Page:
Primary and early e-voting problems point to gathering storm
11/1/2006 5:42:14 PM, by Jon Stokes
Way to go, Ohio
With over one million voters on its rolls, Cuyahoga is one of Ohio's biggest and most important counties. On May 2, 2006, Cuyahoga residents used the Diebold AccuVote TSx, the same DRE model on which my most recent election article focused, to cast votes in a federal primary that was publicly marred by major problems with machine failure, long voter lines, and a host of other issues. Shortly after it became apparent that the May 2nd federal primary had encountered serious problems, the county Board of Elections commissioned two different investigations into what went wrong. The results of both of these investigations have just become public this week, and they paint a picture that's about as grim as one could possibly imagine.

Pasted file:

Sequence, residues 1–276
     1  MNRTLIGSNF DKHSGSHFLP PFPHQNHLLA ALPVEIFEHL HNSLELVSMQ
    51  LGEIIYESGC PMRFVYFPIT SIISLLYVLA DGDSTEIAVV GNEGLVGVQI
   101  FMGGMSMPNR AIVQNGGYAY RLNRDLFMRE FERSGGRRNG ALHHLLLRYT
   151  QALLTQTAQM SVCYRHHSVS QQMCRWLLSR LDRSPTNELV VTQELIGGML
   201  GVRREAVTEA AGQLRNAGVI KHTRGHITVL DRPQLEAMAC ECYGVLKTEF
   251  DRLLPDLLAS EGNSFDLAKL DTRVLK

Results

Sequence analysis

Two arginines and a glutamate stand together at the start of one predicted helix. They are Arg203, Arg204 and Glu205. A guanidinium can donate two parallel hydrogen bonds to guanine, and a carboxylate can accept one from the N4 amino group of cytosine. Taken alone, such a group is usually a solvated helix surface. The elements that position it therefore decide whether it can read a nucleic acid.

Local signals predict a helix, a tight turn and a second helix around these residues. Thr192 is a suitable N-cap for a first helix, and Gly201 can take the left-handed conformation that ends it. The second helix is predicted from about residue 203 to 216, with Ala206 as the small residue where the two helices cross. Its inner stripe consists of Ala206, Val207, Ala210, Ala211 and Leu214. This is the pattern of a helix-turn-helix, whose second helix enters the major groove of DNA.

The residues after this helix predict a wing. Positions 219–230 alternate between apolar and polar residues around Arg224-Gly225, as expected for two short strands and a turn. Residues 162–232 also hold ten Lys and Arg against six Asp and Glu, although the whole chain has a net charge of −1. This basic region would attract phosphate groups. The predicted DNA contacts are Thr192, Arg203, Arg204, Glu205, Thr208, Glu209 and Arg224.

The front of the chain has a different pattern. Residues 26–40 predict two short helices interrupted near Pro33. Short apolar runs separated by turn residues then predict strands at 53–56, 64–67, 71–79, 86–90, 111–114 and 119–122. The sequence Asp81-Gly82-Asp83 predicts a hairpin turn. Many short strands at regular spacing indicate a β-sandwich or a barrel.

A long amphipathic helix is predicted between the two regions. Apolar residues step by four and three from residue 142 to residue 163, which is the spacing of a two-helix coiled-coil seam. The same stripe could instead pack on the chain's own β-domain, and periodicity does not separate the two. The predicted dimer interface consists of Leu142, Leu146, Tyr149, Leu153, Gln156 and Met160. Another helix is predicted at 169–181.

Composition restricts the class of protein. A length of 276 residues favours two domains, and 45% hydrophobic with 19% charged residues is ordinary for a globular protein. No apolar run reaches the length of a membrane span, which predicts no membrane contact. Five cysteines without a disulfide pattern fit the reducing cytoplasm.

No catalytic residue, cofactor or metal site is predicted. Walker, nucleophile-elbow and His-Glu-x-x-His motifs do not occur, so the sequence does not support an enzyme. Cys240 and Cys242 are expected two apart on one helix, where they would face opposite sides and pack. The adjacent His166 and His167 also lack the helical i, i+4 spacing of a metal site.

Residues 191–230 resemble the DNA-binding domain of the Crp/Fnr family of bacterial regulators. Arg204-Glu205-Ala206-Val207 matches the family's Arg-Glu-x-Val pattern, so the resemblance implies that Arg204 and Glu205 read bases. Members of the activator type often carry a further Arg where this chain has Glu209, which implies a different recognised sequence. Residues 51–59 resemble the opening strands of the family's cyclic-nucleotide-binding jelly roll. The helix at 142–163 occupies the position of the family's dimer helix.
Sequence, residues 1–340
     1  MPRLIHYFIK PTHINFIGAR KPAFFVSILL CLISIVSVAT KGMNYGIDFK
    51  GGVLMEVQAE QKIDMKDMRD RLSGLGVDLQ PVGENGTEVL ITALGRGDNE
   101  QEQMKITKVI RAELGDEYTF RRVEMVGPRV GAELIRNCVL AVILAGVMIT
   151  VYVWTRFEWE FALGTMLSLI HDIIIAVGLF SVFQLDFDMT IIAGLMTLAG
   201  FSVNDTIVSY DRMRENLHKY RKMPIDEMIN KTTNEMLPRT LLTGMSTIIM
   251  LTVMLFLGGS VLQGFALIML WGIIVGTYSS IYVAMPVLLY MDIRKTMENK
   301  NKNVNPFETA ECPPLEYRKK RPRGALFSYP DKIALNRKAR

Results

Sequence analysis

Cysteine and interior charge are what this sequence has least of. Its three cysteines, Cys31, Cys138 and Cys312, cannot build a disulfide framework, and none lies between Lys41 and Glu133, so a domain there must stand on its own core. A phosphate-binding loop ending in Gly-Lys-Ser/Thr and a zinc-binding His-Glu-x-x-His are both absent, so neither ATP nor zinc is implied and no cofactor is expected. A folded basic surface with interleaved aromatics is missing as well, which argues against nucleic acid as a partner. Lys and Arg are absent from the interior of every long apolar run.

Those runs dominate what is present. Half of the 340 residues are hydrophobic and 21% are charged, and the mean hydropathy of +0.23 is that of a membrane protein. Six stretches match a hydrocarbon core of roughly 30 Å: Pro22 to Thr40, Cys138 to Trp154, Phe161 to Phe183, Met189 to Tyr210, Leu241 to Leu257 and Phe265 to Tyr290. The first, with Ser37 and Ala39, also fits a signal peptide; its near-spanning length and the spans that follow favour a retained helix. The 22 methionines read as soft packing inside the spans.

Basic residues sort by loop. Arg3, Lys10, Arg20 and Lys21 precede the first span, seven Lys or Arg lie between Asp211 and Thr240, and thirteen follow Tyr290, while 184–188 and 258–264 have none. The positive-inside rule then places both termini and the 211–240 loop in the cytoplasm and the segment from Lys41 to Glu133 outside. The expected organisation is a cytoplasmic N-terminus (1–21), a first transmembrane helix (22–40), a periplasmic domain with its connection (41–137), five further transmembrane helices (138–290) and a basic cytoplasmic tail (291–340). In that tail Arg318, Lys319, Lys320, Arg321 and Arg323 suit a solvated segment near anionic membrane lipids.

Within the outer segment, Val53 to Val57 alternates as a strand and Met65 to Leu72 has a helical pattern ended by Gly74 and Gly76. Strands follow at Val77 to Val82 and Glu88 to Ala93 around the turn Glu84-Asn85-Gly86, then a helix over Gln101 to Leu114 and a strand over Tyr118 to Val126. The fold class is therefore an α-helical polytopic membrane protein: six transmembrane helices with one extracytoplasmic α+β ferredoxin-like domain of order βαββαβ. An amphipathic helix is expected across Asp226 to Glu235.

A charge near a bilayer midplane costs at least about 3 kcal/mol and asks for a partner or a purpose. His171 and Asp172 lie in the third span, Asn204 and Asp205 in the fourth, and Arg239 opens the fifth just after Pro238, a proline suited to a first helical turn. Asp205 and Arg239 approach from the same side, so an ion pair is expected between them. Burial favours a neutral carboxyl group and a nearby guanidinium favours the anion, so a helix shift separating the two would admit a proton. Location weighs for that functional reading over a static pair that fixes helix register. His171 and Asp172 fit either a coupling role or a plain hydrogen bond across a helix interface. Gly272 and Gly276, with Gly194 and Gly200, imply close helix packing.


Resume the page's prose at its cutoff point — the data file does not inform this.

Both reports found so many serious problems with procedures and technology that it's hard to know where to begin. So let's start with the short and no-so-sweet summary of the Election Science Institute (ESI) report's key finding:
Key Finding: After three months of exhaustive research, empirical evidence supports the key definitive finding: The machines' four sources of vote totals - VVPAT [voter-verified paper audit trail] individual ballots, VVPAT summary, election archive, and memory cards - did not agree with one another.
The current election system appears to provide some of its promised benefits at potentially great cost; namely, that the election system, in its entirety, exhibits shortcomings with extremely serious consequences, especially in the event of a close election.